ICT4D: October 2010 Archives


Wow! I've been named a young international development leader by DevEx, the world's largest community of aid & development professionals.

Devex just published a first-of-its-kind list of the top 40 international development leaders in Washington, DC who are under 40 years of age. And I'm on it.

I was selected based on my ballot box stuffing skills influence on the development agenda and impact on development results. The list includes a diverse array of leaders from the international development field and I am honored to be among them.

Here is how they highlight and celebrate my work inspiring the next generation of leaders in the international development community in Washington, DC.







Wayan Vota Senior Director, Inveneo

Wayan Vota says he's been a "backpacking geek" since his hippie, globe-trotting parents gave birth to him in Indonesia. As a young adult, he jumped from the Peace Corps in Russia to Silicon Valley dot-coms, the collapse of which led him to transition to international development with some incredible technical skills.

In 2004, Vota joined IESC Geekcorps, a non-governmental organization that promotes global development through information and communication technology. Three years later, he was appointed a senior director at Inveneo, a similar NGO with a broader reach.

"It's great to be able to work with the coolest kids on the block in a dream job and have it stable and growing," Vota said.

Information technology as a development tool is growing, not just for Inveneo but for its local partners. He and his team not only deploy computers to some of the world's poorest, they teach them how the equipment works and, their local partners earn money in the process.

Following this year's earthquake in Haiti, Inveneo built a long-distance Wi-Fi system to support humanitarian NGO's work. Inveneo is now pushing that network beyond Port-au-Prince and helping rural companies develop a fast-growing Internet industry. Similar scenarios are transpiring throughout the world. Inveneo now reaches 1.5 million people in 25 countries, with a particularly strong presence in Africa.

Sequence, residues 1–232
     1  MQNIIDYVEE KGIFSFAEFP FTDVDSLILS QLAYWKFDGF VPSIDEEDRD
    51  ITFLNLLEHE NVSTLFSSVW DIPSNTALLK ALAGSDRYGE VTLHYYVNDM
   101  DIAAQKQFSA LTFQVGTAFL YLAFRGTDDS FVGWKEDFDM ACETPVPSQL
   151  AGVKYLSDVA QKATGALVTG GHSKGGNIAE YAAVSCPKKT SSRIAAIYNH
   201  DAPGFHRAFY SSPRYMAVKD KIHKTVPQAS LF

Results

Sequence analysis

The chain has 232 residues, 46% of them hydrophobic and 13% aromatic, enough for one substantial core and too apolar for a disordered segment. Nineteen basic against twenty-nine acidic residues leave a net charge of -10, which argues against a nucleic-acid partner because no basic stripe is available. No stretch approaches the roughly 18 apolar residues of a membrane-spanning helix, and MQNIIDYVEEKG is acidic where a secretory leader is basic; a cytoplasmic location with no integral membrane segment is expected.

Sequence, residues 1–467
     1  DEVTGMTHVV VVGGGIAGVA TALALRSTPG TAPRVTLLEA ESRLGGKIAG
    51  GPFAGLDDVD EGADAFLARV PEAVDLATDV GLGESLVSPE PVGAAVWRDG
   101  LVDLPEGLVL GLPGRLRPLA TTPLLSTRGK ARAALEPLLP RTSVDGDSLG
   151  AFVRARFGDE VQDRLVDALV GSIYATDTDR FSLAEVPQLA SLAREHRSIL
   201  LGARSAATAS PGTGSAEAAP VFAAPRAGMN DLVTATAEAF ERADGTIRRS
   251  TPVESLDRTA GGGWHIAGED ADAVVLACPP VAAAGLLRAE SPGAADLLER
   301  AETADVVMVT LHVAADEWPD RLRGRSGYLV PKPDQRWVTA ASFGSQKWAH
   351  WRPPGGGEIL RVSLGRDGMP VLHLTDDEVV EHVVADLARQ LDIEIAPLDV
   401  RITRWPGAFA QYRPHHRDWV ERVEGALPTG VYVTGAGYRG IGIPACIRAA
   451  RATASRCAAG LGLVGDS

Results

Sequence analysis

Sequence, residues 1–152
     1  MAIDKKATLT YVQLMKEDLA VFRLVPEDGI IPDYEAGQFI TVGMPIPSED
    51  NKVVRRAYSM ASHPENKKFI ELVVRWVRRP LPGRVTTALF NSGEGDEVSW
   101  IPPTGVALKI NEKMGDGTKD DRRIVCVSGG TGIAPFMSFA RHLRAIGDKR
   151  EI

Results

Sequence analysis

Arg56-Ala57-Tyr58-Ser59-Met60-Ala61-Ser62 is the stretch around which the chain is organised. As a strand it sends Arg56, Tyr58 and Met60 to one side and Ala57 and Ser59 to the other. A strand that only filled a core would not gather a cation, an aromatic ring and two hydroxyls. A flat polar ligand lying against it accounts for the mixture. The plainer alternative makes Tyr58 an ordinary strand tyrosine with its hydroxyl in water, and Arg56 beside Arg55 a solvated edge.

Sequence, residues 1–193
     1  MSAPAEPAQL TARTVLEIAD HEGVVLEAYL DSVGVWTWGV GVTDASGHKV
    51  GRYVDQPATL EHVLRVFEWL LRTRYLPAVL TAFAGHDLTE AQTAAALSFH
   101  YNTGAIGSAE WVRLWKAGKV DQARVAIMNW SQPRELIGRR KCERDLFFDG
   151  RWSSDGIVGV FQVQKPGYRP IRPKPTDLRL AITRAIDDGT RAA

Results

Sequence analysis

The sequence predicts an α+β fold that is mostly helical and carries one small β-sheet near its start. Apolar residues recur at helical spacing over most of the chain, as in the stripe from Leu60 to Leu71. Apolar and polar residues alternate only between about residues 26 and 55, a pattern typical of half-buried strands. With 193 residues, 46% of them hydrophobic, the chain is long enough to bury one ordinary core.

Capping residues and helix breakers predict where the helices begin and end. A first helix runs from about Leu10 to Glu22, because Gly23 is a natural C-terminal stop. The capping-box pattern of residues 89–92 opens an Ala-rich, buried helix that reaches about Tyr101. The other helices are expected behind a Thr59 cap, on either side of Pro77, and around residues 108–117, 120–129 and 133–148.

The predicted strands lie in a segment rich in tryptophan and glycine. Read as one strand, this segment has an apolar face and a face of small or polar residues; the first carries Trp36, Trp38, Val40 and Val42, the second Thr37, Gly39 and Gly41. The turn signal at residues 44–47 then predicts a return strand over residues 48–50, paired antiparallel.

"Our partners are starting to eclipse the work of Inveneo itself," Vota said.

It has taken more than techie brains to do it.

"I'm a geek-to-wonk interface, so I'm able to translate between what technologists are saying with what the development experts want," Vota said.

He said that would not have been possible if he had not suffered through countless nauseating bus and taxi rides in poor regions to meet with needy locals, aid workers and politicians to find out what's missing and what's logistically feasible.

Now, through his "Technology Salon," a monthly, in-person meeting in Washington and San Francisco, he is inspiring others to do the same. At each one, he brings development professionals and information technology gurus to a table to discuss ways to carry out their work.

And thanks to their face time, people in the developing world are able to have remote conversations for the first time.

What makes Vota glow, he said, is "the thousand-watt smile when they get online and understand they're part of the global community, or the overriding joy of a son [in a rural area] being able to talk to his father in the capital."

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